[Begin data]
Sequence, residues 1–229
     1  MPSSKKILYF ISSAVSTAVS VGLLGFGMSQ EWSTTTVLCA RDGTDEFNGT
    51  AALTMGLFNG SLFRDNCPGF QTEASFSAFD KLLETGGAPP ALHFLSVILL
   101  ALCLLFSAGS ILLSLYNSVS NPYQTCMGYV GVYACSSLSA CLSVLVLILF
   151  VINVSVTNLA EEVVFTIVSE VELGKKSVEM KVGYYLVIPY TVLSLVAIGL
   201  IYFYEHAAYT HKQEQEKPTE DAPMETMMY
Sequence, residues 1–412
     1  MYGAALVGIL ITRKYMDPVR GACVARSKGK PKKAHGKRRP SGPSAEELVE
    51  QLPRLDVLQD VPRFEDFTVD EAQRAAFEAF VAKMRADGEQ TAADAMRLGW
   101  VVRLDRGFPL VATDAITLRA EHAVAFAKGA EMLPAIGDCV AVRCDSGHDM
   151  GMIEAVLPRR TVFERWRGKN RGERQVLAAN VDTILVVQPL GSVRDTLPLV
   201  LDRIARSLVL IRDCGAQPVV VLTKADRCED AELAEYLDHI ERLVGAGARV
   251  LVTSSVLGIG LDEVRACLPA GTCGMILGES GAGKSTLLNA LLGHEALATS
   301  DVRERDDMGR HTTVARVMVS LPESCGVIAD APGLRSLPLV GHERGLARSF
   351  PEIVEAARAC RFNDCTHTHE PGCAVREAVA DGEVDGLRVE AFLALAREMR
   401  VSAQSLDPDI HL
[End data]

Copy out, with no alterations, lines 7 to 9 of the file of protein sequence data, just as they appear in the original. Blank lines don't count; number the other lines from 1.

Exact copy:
Sequence, residues 1–412
     1  MYGAALVGIL ITRKYMDPVR GACVARSKGK PKKAHGKRRP SGPSAEELVE
    51  QLPRLDVLQD VPRFEDFTVD EAQRAAFEAF VAKMRADGEQ TAADAMRLGW